# 2014 in Review – I

I’ve been going over past posts, projecting forward my coming topics. I thought I would share some of the best and some of the topics I want to develop.

Recommendations From Early in 2014

I would recommend Forecasting in Data-Limited Situations – A New Day. There, I illustrate the power of bagging to “bring up” the influence of weakly significant predictors with a regression example. This is fairly profound. Weakly significant predictors need not be weak predictors in an absolute sense, providing you can bag the sample to hone in on their values.

There also are several posts on asset bubbles.

Asset Bubbles contains an intriguing chart which proposes a way to “standardize” asset bubbles, highlighting their different phases.

The data are from the Hong Kong Hang Seng Index, oil prices to refiners (combined), and the NASDAQ 100 Index. I arrange the series so their peak prices – the peak of the bubble – coincide, despite the fact that the peaks occurred at different times (October 2007, August 2008, March 2000, respectively). Including approximately 5 years of prior values of each time series, and scaling the vertical dimensions so the peaks equal 100 percent, suggesting three distinct phases. These might be called the ramp-up, faster-than-exponential growth, and faster-than-exponential decline. Clearly, I am influenced by Didier Sornette in choice of these names.

I’ve also posted several times on climate change, but I think, hands down, the most amazing single item is this clip from “Chasing Ice” showing calving of a Greenland glacier with shards of ice three times taller than the skyscrapers in Lower Manhattan.

I’ve been told that Forecasting and Data Analysis – Principal Component Regression is a helpful introduction. Principal component regression is one of the several ways one can approach the problem of “many predictors.”

In terms of slide presentations, the Business Insider presentation on the “Digital Future” is outstanding, commented on in The Future of Digital – I.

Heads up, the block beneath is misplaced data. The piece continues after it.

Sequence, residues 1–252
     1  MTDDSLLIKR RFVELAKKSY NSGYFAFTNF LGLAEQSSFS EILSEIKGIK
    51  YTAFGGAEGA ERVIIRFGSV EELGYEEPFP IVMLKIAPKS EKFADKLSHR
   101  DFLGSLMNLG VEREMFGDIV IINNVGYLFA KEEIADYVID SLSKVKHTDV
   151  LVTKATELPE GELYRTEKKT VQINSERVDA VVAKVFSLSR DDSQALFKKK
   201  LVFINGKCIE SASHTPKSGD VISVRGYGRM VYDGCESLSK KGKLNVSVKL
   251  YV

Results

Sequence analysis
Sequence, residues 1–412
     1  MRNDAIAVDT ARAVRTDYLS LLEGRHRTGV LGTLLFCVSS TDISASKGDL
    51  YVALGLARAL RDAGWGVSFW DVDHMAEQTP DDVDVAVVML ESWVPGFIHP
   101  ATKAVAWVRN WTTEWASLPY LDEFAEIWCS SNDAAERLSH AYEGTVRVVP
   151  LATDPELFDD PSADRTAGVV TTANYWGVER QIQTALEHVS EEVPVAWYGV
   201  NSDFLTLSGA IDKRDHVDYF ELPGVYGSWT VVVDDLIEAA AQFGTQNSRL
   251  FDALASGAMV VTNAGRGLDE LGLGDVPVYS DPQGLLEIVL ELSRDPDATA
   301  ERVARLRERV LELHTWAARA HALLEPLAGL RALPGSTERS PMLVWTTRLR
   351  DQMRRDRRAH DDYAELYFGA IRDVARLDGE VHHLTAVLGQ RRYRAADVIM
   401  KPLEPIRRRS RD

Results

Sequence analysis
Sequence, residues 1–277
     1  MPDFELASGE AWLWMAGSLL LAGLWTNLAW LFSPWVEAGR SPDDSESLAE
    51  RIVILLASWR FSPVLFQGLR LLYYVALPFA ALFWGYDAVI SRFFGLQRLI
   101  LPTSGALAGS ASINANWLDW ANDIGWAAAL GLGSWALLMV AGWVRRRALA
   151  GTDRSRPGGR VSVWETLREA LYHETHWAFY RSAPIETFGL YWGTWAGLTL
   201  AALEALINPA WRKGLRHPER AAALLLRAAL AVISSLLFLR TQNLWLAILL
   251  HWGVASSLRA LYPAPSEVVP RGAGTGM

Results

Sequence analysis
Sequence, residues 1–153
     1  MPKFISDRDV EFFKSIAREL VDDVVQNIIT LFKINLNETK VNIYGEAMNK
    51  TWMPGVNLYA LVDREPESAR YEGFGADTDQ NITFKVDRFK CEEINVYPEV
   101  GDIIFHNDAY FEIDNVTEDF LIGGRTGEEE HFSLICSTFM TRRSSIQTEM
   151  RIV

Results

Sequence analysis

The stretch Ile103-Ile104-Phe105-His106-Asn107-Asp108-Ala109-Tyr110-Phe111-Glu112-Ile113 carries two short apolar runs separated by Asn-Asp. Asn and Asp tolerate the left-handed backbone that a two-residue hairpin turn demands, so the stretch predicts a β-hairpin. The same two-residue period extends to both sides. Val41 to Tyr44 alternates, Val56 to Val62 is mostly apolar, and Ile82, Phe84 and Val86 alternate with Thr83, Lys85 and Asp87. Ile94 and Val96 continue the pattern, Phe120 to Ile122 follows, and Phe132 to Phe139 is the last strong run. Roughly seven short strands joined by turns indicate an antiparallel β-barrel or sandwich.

Threads I Want to Build On

There are threads from early in the year I want to follow up in Crime Prediction. Just how are these systems continuing to perform?

Another topic I want to build on is in Using Math to Cure Cancer. I’d like to find a sensitive discussion of how MD’s respond to predictive analytics sometime. It seems to me that US physicians are sometimes way behind the curve on what could be possible, if we could merge medical databases and bring some machine learning to bear on diagnosis and treatment.

I am intrigued by the issues in Causal Discovery. You can get the idea from this chart. Here, B → A but A does not cause B – Why?

I tried to write an informed post on power laws. The holy grail here is, as Xavier Gabaix says, robust, detail-independent economic laws.

Federal Reserve Policies

Federal Reserve policies are of vital importance to business forecasting. In the past two or three years, I’ve come to understand the Federal Reserve Balance sheet better, available from Treasury Department reports. What stands out is this chart, which anyone surfing finance articles on the net has seen time and again.